I thought I would start with a couple of news items, especially Thomas Becket: Life, Death and Legacy, a three-day online conference organised by the HLF-funded Canterbury Journey team at Canterbury Cathedral, with staff at the University of Kent and Canterbury Christ Church University from Wednesday 28 to Friday 30 April. The conference programme is now available on the website: https://becket2020.com/ and any questions, please email: email@example.com Standard Tickets are £25 per day and for students the day rate is £10.
We have now started the countdown to the online Tudors and Stuarts History Weekend on Saturday 27 and Sunday 28 March having had the first practice with one of our speakers this morning. Currently Dr Diane Heath, Toby Charlton-Taylor and I have another tomorrow and three scheduled for Friday with the rest to take place next week.
Stop Press: Medieval Canterbury Weekend 2020 goes live!
I am continuing to make progress on the programme for the Medieval Canterbury Weekend 2020 that will take place from Friday 3 to Sunday 5 April. All being well, work on the website will take place during September and I’m hoping we will be able to go live online in early October. I’ll let you know when that happens.
After another very successful History Weekend, I would first like to thank all the great speakers (see below), but equally the brilliant audiences we had at all 27 events from ‘Saturn’s Fury’ puppet show in Waterstones on Friday morning to Dr Michael Jones’ talk on the Black Prince and Professor Carenza Lewis’ lecture on new discoveries about the impact of the Black Death that were the last parallel events on Sunday afternoon. Without YOU the audience the Weekend would be meaningless, and your enthusiasm, engagement and searching questions covering the wide range of topics on offer was wonderful from the organisers’ perspective – THANK YOU!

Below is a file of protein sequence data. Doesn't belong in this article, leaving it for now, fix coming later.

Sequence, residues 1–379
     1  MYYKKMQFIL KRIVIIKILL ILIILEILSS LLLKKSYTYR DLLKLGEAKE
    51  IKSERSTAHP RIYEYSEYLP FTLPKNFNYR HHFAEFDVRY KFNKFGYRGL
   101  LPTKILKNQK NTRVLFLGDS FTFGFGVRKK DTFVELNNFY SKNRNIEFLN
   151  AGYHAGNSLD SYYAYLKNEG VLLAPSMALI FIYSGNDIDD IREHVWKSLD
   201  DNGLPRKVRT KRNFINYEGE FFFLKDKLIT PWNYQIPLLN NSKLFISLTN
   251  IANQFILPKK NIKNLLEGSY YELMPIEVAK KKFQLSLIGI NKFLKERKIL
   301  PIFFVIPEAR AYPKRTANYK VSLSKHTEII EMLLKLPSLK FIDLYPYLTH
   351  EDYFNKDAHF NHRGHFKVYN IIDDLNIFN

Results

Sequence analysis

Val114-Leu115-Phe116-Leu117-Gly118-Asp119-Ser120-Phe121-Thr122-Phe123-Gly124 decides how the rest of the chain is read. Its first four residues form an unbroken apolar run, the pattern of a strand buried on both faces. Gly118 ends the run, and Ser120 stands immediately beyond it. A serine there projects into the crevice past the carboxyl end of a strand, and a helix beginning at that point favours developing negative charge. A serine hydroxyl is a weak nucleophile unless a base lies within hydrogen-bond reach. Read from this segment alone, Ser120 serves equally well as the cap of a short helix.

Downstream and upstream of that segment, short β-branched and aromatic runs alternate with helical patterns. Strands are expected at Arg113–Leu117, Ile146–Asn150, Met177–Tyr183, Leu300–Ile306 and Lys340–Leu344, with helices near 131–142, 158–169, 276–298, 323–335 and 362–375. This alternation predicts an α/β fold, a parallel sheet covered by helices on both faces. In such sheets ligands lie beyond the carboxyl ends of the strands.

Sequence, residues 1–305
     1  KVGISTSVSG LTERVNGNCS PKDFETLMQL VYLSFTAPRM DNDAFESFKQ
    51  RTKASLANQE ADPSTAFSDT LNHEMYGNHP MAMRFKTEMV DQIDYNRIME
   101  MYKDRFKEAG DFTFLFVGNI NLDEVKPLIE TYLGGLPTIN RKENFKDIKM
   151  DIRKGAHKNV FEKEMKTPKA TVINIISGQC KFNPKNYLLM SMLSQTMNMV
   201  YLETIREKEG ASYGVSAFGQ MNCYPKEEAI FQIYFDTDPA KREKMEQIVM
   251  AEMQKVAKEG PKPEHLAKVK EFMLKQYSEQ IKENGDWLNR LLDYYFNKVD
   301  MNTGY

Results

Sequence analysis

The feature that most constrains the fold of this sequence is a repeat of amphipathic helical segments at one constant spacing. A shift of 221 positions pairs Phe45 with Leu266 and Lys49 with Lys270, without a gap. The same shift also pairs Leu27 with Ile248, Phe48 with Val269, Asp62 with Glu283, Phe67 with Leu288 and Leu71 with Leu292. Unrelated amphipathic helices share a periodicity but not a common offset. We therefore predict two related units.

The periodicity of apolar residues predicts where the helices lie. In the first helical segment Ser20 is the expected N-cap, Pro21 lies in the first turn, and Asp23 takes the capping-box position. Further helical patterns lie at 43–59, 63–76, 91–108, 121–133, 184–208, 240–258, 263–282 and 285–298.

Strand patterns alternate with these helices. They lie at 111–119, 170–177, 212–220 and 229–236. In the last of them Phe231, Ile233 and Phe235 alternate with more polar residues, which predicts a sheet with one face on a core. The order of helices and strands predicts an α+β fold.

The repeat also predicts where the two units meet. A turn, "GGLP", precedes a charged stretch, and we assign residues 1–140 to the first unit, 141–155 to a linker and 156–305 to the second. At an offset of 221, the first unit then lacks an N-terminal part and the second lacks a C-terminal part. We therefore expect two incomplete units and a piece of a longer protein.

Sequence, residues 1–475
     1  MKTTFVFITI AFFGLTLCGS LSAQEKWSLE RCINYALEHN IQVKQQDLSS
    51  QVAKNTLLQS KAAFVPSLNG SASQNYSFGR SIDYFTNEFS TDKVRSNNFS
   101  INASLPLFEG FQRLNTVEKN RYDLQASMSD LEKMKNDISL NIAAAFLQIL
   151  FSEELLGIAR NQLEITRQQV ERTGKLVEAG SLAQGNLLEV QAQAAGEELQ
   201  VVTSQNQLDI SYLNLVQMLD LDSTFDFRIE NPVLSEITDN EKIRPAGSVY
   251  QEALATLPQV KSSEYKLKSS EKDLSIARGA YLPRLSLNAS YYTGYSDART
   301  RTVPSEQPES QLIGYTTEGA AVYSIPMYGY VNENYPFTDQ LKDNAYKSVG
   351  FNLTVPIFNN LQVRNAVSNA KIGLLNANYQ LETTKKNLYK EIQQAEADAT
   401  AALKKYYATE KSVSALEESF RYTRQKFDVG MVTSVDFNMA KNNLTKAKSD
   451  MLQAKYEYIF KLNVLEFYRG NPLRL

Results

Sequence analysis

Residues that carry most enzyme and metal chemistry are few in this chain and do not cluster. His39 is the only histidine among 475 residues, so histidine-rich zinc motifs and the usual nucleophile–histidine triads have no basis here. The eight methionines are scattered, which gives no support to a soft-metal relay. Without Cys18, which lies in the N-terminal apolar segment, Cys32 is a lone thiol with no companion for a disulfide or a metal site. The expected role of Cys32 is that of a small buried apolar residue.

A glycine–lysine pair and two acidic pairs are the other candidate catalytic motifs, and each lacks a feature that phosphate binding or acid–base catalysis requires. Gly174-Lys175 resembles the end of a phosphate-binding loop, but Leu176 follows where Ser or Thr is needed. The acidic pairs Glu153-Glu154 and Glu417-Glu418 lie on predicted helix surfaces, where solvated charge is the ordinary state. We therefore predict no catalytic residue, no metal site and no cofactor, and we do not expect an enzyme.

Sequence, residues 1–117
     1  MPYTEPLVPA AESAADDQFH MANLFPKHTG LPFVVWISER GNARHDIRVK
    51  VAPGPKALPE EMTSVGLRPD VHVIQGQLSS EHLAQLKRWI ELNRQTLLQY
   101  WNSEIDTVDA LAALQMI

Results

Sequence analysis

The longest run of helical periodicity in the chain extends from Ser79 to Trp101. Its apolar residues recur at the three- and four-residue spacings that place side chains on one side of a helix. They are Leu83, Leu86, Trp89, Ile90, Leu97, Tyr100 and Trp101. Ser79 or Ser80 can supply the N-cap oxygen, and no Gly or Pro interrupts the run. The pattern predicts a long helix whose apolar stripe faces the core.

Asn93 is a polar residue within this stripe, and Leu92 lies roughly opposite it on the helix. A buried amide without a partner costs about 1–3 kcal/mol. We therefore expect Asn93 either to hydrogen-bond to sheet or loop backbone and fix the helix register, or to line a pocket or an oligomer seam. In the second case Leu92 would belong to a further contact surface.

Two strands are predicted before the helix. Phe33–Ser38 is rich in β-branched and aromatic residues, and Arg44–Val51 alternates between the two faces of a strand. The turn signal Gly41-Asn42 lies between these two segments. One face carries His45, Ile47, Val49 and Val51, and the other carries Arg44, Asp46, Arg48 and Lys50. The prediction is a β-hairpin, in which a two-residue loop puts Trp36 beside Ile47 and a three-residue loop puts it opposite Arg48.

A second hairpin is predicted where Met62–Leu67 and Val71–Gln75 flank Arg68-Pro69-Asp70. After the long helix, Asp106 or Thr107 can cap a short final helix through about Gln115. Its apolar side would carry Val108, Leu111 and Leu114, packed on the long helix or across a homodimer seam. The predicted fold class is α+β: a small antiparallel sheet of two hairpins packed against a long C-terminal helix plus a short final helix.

Now that the Easter holidays have arrived, I thought I would ask local readers if they have spotted the two posters in Waterstones advertising ‘Saturn’s Fury’ – the puppet show that will be taking place in the children’s area on the first floor of the book shop on Friday 6 April starting at 11am. Saturn, the green dragon, is making a guest appearance from The Canterbury Tales and would like as many young children and their parents, grandparents and others as possible to come along to help him find his roar which he has lost. This event is FREE and booking is not required. It forms the opening event of the Medieval Canterbury Weekend, and for slightly older ‘young medievalists’ and adults there is the chance that afternoon at 3pm to hear ‘Campfire Tales – with a Canterbury Twist’ in the garden of The Canterbury Tales. To book this and other events at the Medieval Canterbury Weekend, please visit: https://www.canterbury.ac.uk/medieval-canterbury or after the Easter weekend phone 01227 782994.
In 2018, we will be heading back to the Middle Ages for our Medieval Canterbury Weekend from the 6 to 8 April. Regarding the lectures and tours, we will start on the Friday evening as usual with a lecture by a leading expert in his/her field.
Before I give a brief report on Professor Paul Bennett’s fascinating ‘Part Two’ of his inaugural professorial lecture, I thought I would mention a few events the Centre is running in early 2018 and also the ‘Picture this …’ Advent entry for today: www.canterbury-cathedral.org/heritage/archives/picture-this/summer-blooms-a-wonderful-transformation/ and what could be better than flowers in summer?
Many thanks to Dr Diane Heath for her blog last week about Professor Sandy Heslop’s lecture on St Anselm’s crypt in Canterbury Cathedral and the torchlight exploration of the crypt after his lecture. As a follow-up event, the Centre held an ‘Envisioning Workshop’ the next day with the intention of thinking how the ‘crypt creatures’ might be used to engage with a wide range of audiences.